I didn't find the feature that immersive, but it does add a little something extra to help give a slightly more engaging ride when indoors.
A key element that FulGaz promotes is the ability to ride on an event course, and there are many included in the software. They can be tricky to find, and again some form of filter would be very useful here.
Examples currently available include some overseas Ironman events, a section of the Long Course Weekend Wales & Ironman Wales bike course, plus the ability to ride the vast majority of major Alpine climbs, which could be useful if you are entering the L'Etape du Tour, for example.
How useful it might be to virtually pre-ride a course will depend on each individual, and I think for some who have a very visual memory, learning key factors on a climb or course could be useful. If there is a particular visual signal before a road ramps up, for example, or a sharp corner to be aware of – or to simply let you ride with a reasonably realistic feel of what it will be like on the day.
Within FulGaz you can either select specific training session videos, which have a training workout attached to them, or you can upload your own session to perform on the route of your choice.
There are currently 32 ready-to-go sessions and these cover all the likely training sessions or test options you might expect, with long internals, short sprints and an FTP (functional threshold power) test. While the number of sessions is nowhere near the number of routes on offer, you cannot re-order or filter the training sessions either.
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If you want to follow your own session, FulGaz gives you the option to import a .zwo workout file and follow it on the video of your choice. You can also sync FulGaz with TrainingPeaks or Today's Plan and upload any scheduled workout.
Within the settings, ERG mode (which automatically sets the resistance for you) can be switched on or off, and you can also adjust your FTP during the ride, which might be useful if you aimed to complete a session but can't quite hit the prescribed targets, or to simply give yourself an easier day.
Engagement & motivation
One of the biggest factors with indoor training apps is the level of engagement they provide, and what will keep you coming back to ride, over and over.
How engaging you find FulGaz will depend on your own preferences, but I didn't find it as appealing or rewarding as some other options. Some might enjoy the ability to see a new road or ride familiar places indoors, but I didn't find I had much impetus to keep going back and using the software, although this could be different if I had an event coming up with a ride that featured key climbs; I doubt I would do so frequently.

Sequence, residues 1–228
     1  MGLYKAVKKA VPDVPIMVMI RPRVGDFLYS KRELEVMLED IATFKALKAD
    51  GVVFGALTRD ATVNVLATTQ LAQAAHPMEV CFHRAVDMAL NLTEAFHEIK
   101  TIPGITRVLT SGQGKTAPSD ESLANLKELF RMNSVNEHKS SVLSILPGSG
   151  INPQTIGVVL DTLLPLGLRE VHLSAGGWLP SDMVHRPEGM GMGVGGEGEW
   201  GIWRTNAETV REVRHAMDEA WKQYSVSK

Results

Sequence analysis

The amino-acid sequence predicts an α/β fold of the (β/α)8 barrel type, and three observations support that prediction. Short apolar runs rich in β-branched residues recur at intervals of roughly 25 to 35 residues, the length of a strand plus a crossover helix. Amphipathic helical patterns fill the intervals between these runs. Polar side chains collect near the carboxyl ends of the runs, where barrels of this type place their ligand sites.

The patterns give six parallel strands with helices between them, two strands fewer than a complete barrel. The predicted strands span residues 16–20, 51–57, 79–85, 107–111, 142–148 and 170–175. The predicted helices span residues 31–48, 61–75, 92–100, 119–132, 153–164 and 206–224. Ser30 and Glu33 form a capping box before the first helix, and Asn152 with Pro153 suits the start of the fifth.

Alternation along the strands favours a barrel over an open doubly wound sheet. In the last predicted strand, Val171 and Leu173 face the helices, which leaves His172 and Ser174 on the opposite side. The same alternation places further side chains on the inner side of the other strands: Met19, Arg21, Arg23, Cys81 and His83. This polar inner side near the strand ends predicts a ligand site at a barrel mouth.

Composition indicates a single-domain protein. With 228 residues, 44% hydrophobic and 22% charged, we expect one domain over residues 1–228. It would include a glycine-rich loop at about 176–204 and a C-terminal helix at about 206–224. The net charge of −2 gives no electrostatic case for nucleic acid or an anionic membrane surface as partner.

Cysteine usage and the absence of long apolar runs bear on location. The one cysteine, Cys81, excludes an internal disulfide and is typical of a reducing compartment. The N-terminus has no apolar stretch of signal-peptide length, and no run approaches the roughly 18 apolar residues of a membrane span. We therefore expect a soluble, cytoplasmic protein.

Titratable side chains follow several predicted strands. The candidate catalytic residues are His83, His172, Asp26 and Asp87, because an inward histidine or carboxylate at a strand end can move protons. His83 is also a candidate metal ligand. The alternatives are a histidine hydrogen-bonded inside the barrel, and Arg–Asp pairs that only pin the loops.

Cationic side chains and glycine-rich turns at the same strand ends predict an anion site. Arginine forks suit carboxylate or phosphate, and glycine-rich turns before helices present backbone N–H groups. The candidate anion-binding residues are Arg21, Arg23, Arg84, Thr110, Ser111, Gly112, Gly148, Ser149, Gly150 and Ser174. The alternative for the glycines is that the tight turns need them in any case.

If you are looking for more training-focused options, Wahoo's Systm is tough to beat for its immersive experience, whereas if you enjoy a more social experience, with Zwift you will never be the only rider on the road.
FulGaz costs £9.99 per month, or £85.99 when purchased as a one-off subscription for a year. There is a 14-day free trial giving you plenty of time to see if the software works for you.
That puts it on a par with some – Rouvy is around £10 (€12) a month – and cheaper than others such as Zwift, £12.99, Systm, £14.49, and Trainer Road, around £15.30 ($20). It's a little more than others, though, such as Strava Premium (£6.99), Bkool (€10/£8.50) and Tacx Training ($9.99/£7.65).
With another new fitness and riding app on the market, what makes it different, and why choose this over or in addition to any other? FulGaz offers something unique, with endless ride options on real roads, captured and ridden by real riders. No VR graphics, or augmented reality, and for some this will be a key factor.
It still feels like an app in development in several areas, though, including the menu options, and very slow response when trying to find and select a ride. On several occasions the software crashed, and it lacks support for ANT+ on all operating systems except Windows, plus key features, such as the inaccurate times seen on Challenge mode, need to be addressed.
Some might find it engaging, with event preparation being a key motivator, but despite riding indoors on a regular basis over winter I found myself choosing alternative software both for motivational reasons and for stability and speed when wishing to simply jump on and start riding quickly.
Potentially useful but doesn't feel like quite the finished article yet, with several areas that need improvement
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Make and model: FulGaz training app
Tell us what the product is for and who it's aimed at. What do the manufacturers say about it? How does that compare to your own feelings about it?
The FulGaz Difference